ITC finds dumping and subsidy damage from Taiwanese cells14. February 2014 | Global PV markets, Industry & Suppliers, Investor news, Markets & Trends, Top News, Trade cases | By: Max Hall
The International Trade Commission has just revealed its 'affirmative' decision. Preliminary AD duties are now due to be decided upon next month.
The U.S. International Trade Commission (ITC) has just announced an 'affirmative' decision from its investigation into whether Chinese-made solar products featuring cells made in the third party countries are harming U.S. solar manufacturers.
A three-line bulletin on the ITC website announced the result of the Commission's vote, which indicates it agrees with the claim such products are harming U.S. manufacturers by being dumped in the American market and by benefiting from state subsidies.
The commission opened its investigation in response to complaints from the U.S. subisidiary of German manufacturer SolarWorld that Chinese module manufacturers were avoiding the AD and – anti-subsidy – countervailing duties (CVD) applied to Chinese-made solar products by assembling panels with cells manufactured in Taiwan and other third-party states.
SolarWorld's U.S. business claims Chinese manufacturers switched cell manufacture to Taiwan and other countries as a workaround to the U.S. duty regime.
On a day which saw Chinese giant Trina Solar purchase a cell making operation back in mainland China, the ITC verdict means a preliminary decision on the level of AD duty to be applied to all Chinese-made modules – regardless of the origin of the cells they are assembled from – will be expected next month, with a CVD decision to follow in June and both duties could be backdated three months.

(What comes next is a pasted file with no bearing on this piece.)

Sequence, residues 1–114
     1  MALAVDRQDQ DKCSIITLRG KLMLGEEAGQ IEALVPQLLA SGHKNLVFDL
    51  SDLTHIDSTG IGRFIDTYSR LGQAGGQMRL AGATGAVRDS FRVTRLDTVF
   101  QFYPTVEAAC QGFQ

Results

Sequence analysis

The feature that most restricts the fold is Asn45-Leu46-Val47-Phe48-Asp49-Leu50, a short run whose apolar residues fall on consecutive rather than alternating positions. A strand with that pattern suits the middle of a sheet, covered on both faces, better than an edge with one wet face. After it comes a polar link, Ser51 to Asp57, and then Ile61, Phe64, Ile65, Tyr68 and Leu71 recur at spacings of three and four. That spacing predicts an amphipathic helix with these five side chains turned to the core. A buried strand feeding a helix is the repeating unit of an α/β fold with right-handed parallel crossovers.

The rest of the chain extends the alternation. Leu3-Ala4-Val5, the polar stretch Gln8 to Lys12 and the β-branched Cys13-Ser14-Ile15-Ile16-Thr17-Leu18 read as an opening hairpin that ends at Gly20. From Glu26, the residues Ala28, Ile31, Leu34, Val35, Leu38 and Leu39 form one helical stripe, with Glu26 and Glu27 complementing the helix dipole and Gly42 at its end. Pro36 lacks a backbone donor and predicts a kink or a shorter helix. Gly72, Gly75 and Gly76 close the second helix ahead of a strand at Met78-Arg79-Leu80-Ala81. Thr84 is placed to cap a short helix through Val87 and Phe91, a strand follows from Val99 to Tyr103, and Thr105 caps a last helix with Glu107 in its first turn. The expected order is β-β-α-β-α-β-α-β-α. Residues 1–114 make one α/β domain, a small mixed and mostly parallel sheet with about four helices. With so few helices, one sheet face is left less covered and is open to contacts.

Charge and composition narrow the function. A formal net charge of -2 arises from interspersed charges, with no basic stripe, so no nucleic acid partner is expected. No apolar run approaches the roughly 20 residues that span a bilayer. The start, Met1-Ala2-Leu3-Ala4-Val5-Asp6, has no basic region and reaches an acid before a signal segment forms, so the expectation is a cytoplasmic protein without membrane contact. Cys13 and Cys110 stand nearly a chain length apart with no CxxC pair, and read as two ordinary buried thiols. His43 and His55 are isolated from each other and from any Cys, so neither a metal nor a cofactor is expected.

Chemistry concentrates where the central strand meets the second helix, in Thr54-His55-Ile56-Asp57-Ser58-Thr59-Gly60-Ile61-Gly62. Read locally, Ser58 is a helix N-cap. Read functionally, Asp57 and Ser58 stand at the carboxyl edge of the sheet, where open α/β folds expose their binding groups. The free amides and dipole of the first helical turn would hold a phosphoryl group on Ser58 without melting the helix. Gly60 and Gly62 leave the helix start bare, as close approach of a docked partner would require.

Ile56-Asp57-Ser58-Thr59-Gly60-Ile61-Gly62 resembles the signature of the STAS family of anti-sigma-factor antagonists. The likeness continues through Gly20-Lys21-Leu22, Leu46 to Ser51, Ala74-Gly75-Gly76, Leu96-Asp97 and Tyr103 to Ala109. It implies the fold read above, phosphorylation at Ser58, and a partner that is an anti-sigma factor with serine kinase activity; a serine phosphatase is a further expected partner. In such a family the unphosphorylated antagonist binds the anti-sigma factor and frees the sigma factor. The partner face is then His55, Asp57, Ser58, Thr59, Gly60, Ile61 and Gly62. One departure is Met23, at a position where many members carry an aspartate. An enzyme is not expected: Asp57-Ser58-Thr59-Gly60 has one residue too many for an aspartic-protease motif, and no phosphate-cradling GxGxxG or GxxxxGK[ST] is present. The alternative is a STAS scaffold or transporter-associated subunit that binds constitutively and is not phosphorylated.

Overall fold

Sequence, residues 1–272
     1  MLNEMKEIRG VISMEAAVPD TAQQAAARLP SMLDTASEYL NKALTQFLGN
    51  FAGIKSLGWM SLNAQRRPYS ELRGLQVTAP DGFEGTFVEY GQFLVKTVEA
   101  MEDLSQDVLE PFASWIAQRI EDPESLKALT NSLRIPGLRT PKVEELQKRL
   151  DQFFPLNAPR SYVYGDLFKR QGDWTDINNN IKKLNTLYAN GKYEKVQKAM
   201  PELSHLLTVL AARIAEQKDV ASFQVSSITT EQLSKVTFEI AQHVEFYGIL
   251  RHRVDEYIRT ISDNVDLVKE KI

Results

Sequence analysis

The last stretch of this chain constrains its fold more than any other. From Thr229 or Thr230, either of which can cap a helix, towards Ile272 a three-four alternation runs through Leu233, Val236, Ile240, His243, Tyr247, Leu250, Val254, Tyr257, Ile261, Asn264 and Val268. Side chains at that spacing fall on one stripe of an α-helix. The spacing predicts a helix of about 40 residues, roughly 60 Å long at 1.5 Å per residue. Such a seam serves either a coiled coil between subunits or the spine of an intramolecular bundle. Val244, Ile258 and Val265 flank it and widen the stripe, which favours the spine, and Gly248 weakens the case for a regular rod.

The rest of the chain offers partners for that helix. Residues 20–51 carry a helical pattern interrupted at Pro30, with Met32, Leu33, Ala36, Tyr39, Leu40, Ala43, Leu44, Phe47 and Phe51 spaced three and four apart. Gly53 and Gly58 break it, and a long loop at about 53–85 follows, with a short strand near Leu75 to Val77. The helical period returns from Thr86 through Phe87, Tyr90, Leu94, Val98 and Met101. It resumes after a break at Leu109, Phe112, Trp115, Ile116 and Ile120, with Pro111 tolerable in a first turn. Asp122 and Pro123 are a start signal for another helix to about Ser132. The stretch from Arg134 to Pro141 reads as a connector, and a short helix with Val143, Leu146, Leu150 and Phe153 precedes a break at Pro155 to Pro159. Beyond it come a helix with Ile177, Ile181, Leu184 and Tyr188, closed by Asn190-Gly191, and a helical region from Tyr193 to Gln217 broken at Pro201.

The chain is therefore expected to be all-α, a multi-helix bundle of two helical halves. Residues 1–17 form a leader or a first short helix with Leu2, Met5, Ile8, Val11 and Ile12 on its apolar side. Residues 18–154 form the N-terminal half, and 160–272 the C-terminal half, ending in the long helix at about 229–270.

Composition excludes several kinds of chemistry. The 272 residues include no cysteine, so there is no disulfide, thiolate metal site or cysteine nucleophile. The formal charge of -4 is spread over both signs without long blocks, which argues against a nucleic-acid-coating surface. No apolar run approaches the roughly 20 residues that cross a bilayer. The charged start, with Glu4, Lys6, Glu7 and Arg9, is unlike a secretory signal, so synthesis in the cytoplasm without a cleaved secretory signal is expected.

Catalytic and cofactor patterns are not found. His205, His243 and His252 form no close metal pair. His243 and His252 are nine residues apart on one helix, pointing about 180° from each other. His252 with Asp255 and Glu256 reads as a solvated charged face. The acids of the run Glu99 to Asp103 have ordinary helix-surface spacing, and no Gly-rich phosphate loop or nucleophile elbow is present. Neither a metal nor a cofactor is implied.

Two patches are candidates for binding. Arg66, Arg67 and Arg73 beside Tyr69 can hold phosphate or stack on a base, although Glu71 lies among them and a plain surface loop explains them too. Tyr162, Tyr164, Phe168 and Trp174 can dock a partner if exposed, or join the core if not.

SEIA compromise deal
American solar industry lobby group the Solar Energy Industries Association (SEIA) has proposed a compromise that would see Chinese module makers with cell manufacturing operations in third-party countries pay a proportion of the higher cell cost from such a supply chain into a fund for U.S. manufacturers in return for trade duties on both sides of the dispute being halted.
The SEIA says the escalating nature of the trade dispute – which saw China impose significant duties on the U.S.-made polysilicon used in its cells within hours of the ITC opening its investigation – is harmful to the solar industry and consumers in both superpowers.
The ITC will reveal further details of tonight's decision in approximately three hours' time, at around 1815 CET.
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